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#1 2012-11-28 03:57:55

princess snowwhite
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group

let G be a group of order p^2 where p is a prime no. let x belongs to G. prove that {y belongs to G: xy=yx}=G

#2 2012-11-29 00:27:19

princess snowwhite
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Re: group

does anyone know how to solve it?

#3 2012-11-29 01:03:04

anonimnystefy
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Re: group

Hi

Is that the whole text for the problem?


The limit operator is just an excuse for doing something you know you can't.
“It's the subject that nobody knows anything about that we can all talk about!” ― Richard Feynman
“Taking a new step, uttering a new word, is what people fear most.” ― Fyodor Dostoyevsky, Crime and Punishment

#4 2012-11-29 01:16:32

princess snowwhite
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Re: group

yes

#5 2012-11-29 02:29:10

bob bundy
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Re: group

Beats me too.  But I've posted the link off to my son.  He may be willing to help.

Bob


You cannot teach a man anything;  you can only help him find it within himself..........Galileo Galilei

#6 2012-11-29 03:06:40

anonimnystefy
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Re: group

What operation are you using in "xy=yx"?

Last edited by anonimnystefy (2012-11-29 03:19:56)


The limit operator is just an excuse for doing something you know you can't.
“It's the subject that nobody knows anything about that we can all talk about!” ― Richard Feynman
“Taking a new step, uttering a new word, is what people fear most.” ― Fyodor Dostoyevsky, Crime and Punishment

#7 2012-11-29 15:20:15

princess snowwhite
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Re: group

I am using multiplication.

#8 2012-11-29 19:47:37

bob bundy
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Re: group

I'm wondering if the following is any help.

Assume y exists with the property and z is another element of G, so that z = xy (=yx)

xyx = (xy)x = zx

xyx = x(yx) = xz

so z  has the property.

And this is true for all z in G

So can you prove that y exists?

LATER EDIT:  Yes? because y could be the identity.

So H = {y : xy=yx} has a member.  If z = xy, then z is also a member.  Keep combining elements in this way from G until you have generated all of G.

What worries me is "what has p got to do with it?"  So I assume the above is flawed but why?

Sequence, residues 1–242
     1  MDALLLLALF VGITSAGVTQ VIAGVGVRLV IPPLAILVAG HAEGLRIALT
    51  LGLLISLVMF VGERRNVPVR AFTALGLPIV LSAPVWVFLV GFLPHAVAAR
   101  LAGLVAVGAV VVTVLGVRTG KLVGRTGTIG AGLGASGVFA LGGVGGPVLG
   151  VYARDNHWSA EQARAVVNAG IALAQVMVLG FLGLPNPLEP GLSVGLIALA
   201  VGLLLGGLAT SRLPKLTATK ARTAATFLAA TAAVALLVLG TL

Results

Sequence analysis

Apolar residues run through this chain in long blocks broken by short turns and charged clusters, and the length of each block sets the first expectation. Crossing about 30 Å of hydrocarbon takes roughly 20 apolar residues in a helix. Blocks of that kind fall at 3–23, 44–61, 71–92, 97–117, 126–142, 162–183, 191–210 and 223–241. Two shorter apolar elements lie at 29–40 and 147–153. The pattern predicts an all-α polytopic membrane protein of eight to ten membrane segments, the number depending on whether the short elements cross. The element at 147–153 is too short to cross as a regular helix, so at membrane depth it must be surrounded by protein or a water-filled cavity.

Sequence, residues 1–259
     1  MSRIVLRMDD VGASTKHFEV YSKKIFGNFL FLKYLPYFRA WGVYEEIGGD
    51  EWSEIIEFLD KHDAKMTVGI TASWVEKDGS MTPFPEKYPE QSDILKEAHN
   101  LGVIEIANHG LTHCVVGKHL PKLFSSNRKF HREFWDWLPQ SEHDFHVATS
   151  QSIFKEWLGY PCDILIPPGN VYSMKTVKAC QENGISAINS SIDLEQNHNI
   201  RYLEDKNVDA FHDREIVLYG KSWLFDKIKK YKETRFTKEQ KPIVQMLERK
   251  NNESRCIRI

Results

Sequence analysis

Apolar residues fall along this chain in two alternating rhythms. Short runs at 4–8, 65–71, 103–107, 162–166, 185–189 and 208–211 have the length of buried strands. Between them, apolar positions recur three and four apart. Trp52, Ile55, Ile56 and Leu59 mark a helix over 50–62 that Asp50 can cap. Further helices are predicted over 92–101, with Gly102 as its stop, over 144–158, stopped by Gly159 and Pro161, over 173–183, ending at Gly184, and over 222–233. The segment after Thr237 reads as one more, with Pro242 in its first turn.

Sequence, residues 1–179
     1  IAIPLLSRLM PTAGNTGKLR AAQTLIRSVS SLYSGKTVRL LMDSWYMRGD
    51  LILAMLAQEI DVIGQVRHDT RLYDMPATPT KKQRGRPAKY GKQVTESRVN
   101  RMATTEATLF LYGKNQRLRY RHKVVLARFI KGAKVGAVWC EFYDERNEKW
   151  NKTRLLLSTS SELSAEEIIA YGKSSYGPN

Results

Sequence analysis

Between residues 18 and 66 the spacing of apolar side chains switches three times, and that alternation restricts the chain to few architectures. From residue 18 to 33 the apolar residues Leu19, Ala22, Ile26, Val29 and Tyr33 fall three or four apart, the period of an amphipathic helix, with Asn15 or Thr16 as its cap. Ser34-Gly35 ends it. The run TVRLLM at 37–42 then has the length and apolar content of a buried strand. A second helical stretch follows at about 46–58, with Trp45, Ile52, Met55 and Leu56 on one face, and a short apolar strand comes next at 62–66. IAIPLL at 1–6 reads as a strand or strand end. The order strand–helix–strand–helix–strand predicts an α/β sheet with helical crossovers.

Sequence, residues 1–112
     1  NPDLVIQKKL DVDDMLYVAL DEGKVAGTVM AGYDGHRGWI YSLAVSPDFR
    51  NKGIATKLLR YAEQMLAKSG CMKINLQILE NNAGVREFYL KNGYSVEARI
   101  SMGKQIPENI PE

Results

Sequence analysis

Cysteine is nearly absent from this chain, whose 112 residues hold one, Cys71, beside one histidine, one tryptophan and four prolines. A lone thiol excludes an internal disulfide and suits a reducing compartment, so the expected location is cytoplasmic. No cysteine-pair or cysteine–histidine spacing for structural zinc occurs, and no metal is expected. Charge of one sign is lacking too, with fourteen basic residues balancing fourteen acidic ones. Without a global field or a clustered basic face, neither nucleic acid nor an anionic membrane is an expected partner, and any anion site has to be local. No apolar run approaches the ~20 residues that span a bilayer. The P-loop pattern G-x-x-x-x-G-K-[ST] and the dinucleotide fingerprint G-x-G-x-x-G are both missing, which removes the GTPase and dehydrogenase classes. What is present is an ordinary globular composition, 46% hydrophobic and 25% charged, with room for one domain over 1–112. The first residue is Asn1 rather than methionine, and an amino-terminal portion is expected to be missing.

If you can tell me that, maybe together we can fill in the gaps.

EVEN LATER EDIT

I think I've answered my own question.

H may be a subset of G rather than all of G.

So I'm working on:

(i) Show H is a group.

(ii) Lagrange => order of H is 1, p or p^2

If 1, then the problem is trivial.

If p^2, then the problem is solved.

So I'm aiming to show that order p is not possible, (maybe by showing order(H) > p )

Bob


You cannot teach a man anything;  you can only help him find it within himself..........Galileo Galilei

#9 2012-11-30 00:43:45

anonimnystefy
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Re: group

Hi Bob

The proof using z doesn't work if you take the base element to be the identity element, because you generate only x itself!


The limit operator is just an excuse for doing something you know you can't.
“It's the subject that nobody knows anything about that we can all talk about!” ― Richard Feynman
“Taking a new step, uttering a new word, is what people fear most.” ― Fyodor Dostoyevsky, Crime and Punishment

#10 2012-11-30 03:35:19

bob bundy
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Re: group

By base element, I'm assuming you mean x.

Then it's easy.

H = {y∈G : iy = yi}

All y in G have this property so H = G straight away.

I've got to this.

Let x ∈ G.

xx = xx so x ∈ H

x(xx) = (xx)x so xx ∈ H

and so on.

So the cyclic group generated by x is a subset of H

note: cyclic groups are abelian.

If x ≠ i (the identity) then this subgroup has order p.

So now I'm trying to find a 'z' that is not in this cyclic group, but is in H.

One such would be sufficient as that makes the order of H > p

Bob


You cannot teach a man anything;  you can only help him find it within himself..........Galileo Galilei

#11 2012-11-30 23:42:00

scientia
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Re: group


It is a well-known result that every p-group has a nontrivial centre. (This can be proved by counting conjugacy classes.) Hence if
, p prime, either
or
by Lagrange.

Suppose
. Then
and so
is cyclic, say
. Let
. Then
and
for some integers
. Thus
and
for some
.




Hence x and y commute. Thus G is Abelian and so
. (Thus the case
is acutally impossible.)

#12 2012-12-01 00:35:23

scientia
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Re: group

Argh!


I've just realized that the subgroup princess snowwhite is defining is not the centre of G but the centralizer of a fixed element x in G:
. (This is a subgroup of G).

However, note that
is a subgroup of
. Hence if
(as I proved above) then necessarily
as well – so no harm done. smile

#13 2012-12-01 04:30:55

princess snowwhite
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Re: group

thanks to you all smile

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